A recent spate of hate-related incidents around the country has raised a troubling question: Is there something about the mood in the US today—perhaps spurred by Americans dying in combat abroad, plus the cultural and political war at home over issues like same-sex marriage, judgeships, and immigration—that is leading in some instances to threats and attacks?
“Public discourse has become meaner and more cruel-spirited in general,” says Mark Potok of the Southern Poverty Law Center (SPLC), who monitors hate groups and extremist activities in the US.
Recent incidents include cross burnings in North Carolina, threats against gay students on an Oregon campus, disruptions of anti-immigration meetings by those charging border vigilantes with racism, anti-Semitic graffiti in the Queens borough of New York, a whites-only group recruiting in Michigan, white separatists harassing Japanese residents in Las Vegas, and a rise in anti-Muslim activity.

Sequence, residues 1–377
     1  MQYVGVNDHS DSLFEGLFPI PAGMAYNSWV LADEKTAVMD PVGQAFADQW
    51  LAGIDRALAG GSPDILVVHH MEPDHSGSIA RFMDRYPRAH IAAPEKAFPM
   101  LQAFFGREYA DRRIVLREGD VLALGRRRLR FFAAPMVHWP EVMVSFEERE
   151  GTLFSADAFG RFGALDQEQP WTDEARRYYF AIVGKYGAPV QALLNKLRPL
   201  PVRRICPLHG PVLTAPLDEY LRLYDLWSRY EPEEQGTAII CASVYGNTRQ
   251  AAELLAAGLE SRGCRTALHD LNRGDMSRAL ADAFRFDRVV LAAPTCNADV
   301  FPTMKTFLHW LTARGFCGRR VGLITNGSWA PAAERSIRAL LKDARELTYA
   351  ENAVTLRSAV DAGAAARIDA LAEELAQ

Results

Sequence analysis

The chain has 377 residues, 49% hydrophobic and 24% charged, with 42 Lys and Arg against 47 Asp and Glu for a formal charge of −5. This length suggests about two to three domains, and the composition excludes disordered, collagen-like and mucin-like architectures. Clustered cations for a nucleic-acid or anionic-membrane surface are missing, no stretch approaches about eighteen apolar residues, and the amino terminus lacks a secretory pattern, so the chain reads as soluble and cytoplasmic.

While most hate crimes are directed against minorities, they increasingly involve minorities against one another.
In Los Angeles County, for example, most officially designated racial hate crimes directed against Latinos are charged to blacks, and vice versa.
“Whites don’t have a monopoly on prejudice,” says Brian Levin, director of the Center for the Study of Hate and Extremism at California State University, San Bernardino. “Different [racial and ethnic] groups now are rubbing elbows as populations grow”—bringing disputes over jobs, schools, and zoning.
Immigration, too, appears to be a major issue influencing relationships among racial and ethnic groups. There have been clashes between volunteer border monitors in the Southwest and those who say such self-styled “vigilantes” encourage anti-immigrant bias.